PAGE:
Having undertaken quite some work in the former Czechoslovakian countries, my only surprise is that these allegations have not yet reached every single member of government. You would be shocked at the extent to which these nations, ostensibly clean and democratic members of the EU, seem to be anything but. The possibility remains that these countries are simpy less competent at hiding it. – DGG

The Untied States?

  • Texas Republicans at the GOP state convention in Houston are asking for a referendum on seceding from the United States.

    The issue of Texan independence may seem ridiculous at face value for Europeans. And does crop up again and again (usually whenever there’s an economic downturn.) However, many forget that since Texas was an independent nation for nine years before becoming a US State in 1836, shortly after which it became the seventh state to secede from the Union in 1861, the issue does hold some genuinely unique emotional value for many members of the Texan right.The longer that Washington DC continues to be seen as a safe-haven for opinions these individuals consider blasphemous, the more traction it may gain. – DGG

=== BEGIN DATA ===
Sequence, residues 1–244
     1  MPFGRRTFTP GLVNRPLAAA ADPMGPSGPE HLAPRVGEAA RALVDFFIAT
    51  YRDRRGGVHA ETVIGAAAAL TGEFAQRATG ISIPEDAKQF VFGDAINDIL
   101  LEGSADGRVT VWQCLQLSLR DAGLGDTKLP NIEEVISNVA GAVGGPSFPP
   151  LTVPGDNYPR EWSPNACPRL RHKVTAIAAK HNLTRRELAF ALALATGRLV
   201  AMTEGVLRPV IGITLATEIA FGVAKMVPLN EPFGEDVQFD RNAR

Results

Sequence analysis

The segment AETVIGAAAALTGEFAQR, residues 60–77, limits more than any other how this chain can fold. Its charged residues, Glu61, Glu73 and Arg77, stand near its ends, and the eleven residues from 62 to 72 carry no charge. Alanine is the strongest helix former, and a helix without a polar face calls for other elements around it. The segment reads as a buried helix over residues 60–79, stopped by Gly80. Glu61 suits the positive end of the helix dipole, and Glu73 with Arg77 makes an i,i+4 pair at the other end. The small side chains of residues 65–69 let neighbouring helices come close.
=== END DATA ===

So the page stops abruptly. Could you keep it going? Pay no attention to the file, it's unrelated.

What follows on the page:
Ghost guns and Ukraine:

  • Ukrainian special forces are modifying grenades with 3D printed parts for drone strikes.

    The days of indie Syrian metalworkers fastening reclaimed metal parts into grenade fins may be numbered; the integration of 3D-printed parts into the (as yet informal) supply chain for Ukrainian Special Forces is yet another example of how 3D-printed firearms and firearm parts will revolutionise the defence industry. – DGG

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One Response

  1. Not just Swimming’s governing board (FINA), but also Rugby League (IRL). Between the lines, a new competitive open category inclusive of trans athletes seems to be in the works, after research based on collected data.

    “To help achieve this, the IRL will seek to work with the eight Women’s Rugby League World Cup 2021 finalists to obtain data to inform a future transwomen inclusion policy in 2023, which takes into consideration the unique characteristics of rugby league.”.

    https://news.sky.com/story/rugby-league-bans-transgender-women-from-international-competition-12637701